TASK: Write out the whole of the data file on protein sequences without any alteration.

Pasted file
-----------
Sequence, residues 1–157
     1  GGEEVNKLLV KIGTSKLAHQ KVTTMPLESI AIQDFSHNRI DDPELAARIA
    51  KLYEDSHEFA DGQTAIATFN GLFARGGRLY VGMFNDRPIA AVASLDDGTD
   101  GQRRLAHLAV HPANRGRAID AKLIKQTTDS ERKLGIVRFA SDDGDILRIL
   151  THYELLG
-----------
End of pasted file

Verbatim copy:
Sequence, residues 1–157
     1  GGEEVNKLLV KIGTSKLAHQ KVTTMPLESI AIQDFSHNRI DDPELAARIA
    51  KLYEDSHEFA DGQTAIATFN GLFARGGRLY VGMFNDRPIA AVASLDDGTD
   101  GQRRLAHLAV HPANRGRAID AKLIKQTTDS ERKLGIVRFA SDDGDILRIL
   151  THYELLG